Earlier this month, the annual World’s 50 Best Bars list was announced to much fanfare at a ceremony held in the Catalonian capital, Barcelona. For the past few years, the announcement had been held in London, but the choice to hold the 2022 awards in Barcelona was a smart one, as it is a city that has seen a recent uprising of excellent bars.
Either by accident or by design, the winning establishment happened to be from the very same city the ceremony was being held in, the speakeasy Paradiso (the entrance to which is through a fridge hidden inside a pastrami shop) toppling luxury London hotel bar The Connaught to take the number one spot.
All 50 bars on the list, it must be noted, are in major cities. This is in stark contrast to the sister list, World’s 50 Best Restaurants, which counts establishments in Atxondo, Gardone, Rubano, Senigallia, Castel di Sangro, and Getaria in the top 20 alone, and sounds more like the weekly subs bench at a Premier League football match; I’m not ashamed to say that I had to Google most of these places just to see which country they were in, let alone which city they were near.
Now, I like food. (Who doesn’t?) In fact, food is so popular that people will travel to obscure places to dine from a menu that is so brilliant, it doesn’t matter where the restaurant is based; next year, I fully expect to see both Narnia and Hogwarts on that list. But maybe that could happen for drinks, too?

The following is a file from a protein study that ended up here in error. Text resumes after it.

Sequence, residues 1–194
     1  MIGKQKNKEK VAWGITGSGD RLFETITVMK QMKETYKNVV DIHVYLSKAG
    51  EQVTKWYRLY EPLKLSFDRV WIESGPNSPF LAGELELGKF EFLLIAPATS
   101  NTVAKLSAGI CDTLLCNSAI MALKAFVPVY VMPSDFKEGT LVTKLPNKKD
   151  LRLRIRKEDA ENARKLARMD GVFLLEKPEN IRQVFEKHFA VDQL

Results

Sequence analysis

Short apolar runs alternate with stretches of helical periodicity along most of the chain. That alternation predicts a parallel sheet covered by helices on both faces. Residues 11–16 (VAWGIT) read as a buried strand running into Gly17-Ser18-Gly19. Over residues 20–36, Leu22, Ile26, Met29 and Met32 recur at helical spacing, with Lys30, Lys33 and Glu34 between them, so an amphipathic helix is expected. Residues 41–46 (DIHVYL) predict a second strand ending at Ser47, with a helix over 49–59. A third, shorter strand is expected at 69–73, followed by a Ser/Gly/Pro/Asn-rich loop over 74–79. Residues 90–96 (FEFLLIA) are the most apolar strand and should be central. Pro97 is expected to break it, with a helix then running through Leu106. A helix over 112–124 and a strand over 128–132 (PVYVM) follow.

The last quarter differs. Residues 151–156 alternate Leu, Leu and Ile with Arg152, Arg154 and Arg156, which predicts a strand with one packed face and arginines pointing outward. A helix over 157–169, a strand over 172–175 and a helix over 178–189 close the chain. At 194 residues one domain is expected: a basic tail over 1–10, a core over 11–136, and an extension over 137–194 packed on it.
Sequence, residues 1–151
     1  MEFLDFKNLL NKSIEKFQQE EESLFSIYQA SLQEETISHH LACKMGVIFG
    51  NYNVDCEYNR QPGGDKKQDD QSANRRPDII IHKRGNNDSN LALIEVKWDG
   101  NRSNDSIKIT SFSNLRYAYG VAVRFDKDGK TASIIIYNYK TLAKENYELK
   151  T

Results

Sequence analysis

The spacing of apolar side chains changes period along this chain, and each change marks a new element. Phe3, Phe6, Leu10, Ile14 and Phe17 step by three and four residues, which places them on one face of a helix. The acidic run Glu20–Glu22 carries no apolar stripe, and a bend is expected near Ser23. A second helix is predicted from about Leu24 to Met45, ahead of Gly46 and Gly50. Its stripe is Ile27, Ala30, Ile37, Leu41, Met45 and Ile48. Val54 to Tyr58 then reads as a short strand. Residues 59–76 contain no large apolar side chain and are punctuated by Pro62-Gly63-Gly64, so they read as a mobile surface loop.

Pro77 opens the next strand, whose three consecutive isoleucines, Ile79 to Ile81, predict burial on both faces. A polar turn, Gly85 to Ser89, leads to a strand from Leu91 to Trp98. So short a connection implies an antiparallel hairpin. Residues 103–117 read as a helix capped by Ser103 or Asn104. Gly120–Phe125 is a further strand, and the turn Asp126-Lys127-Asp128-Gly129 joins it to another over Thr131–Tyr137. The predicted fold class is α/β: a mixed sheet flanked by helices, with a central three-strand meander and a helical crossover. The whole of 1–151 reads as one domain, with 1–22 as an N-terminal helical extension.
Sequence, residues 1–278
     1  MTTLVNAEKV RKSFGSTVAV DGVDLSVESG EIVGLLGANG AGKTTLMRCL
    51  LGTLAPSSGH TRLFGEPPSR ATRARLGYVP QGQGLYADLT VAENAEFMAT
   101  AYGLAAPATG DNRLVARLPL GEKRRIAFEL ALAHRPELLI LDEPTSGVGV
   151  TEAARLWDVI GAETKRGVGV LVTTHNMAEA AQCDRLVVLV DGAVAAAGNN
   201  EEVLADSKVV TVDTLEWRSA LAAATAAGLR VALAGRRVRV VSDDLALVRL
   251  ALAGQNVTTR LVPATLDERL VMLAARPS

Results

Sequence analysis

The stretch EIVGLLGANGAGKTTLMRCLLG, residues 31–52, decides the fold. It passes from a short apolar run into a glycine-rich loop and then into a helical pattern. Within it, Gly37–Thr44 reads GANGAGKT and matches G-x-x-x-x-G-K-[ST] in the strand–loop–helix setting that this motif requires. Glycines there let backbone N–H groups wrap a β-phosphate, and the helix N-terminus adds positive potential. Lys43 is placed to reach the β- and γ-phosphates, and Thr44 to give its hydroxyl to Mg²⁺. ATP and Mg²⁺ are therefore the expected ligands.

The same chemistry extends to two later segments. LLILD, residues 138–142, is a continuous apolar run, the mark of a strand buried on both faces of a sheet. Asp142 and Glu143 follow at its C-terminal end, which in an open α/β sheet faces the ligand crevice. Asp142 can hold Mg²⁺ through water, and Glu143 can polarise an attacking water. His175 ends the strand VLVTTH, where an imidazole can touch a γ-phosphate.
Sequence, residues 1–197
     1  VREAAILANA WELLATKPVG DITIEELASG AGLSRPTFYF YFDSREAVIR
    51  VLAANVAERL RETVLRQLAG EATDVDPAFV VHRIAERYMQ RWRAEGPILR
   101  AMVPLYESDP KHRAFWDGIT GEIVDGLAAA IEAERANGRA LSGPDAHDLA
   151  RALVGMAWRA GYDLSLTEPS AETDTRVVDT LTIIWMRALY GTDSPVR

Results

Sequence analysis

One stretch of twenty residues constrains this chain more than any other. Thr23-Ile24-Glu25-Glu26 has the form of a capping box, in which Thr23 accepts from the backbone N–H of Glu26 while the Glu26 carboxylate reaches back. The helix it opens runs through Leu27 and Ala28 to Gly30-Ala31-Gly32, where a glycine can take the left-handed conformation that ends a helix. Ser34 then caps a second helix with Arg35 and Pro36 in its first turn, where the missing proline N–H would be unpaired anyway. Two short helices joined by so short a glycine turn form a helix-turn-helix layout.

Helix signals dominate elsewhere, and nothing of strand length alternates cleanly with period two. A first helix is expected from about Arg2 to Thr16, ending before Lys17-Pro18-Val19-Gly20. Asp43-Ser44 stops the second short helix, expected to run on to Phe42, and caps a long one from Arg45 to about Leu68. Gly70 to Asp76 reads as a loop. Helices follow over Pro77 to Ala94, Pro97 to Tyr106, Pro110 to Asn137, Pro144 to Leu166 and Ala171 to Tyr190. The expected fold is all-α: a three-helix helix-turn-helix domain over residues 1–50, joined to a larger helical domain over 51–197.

I like a drink, too. So much so, that it became my job. My passion for them has taken me to some of the most interesting bars in the world, and not all of them in major conurbations, either. I’ve been lucky enough to dink in a fair few of the bars on this year’s list, including nearly all of the top 10, which range in location from Mexico City to London, Cartagena to Paris.
For me, the single most important element at each was the welcome. Certain bars are better at this than others, and the very word, often printed on a doormat or flippantly said at a reception desk, is rarely understood. The reality is that ‘welcome’ means a warming smile on arrival. It means attentive staff and attention to detail. It means a place where you can relax and feel at home. In the words of the Cheers theme tune, it’s a place to take ‘a break from all your worries’. And for me, it’s often found in the simple offer of a glass of water on arrival.
Every one of the bars in the World’s 50 Best list will have this ingrained in their DNA. As the brilliant drink historian, author and co-founder of Sipsmith gin Jared Brown once told me, ‘Nobody goes to a bar for a drink. You go for the experience’.
However, the drinks are why you stay. Or even more pertinently, why you return and recommend. The best bars nail the classics, but also introduce their audience to new creations. There is nothing more of a letdown than a bar that has pre-batched an innovative, clarified cocktail but can’t make a good Daiquiri (the single best test of any bartender, by the way). The last time I was in London’s Tayēr & Elementary, now the second-best bar in the world, I had one of the best Martinis of my life. On top of this, it was placed in the freezer for the duration of my visit to the bathroom. High five for that alone.
There is nothing more of a letdown than a bar that has pre-batched an innovative, clarified cocktail but can’t make a good Daiquiri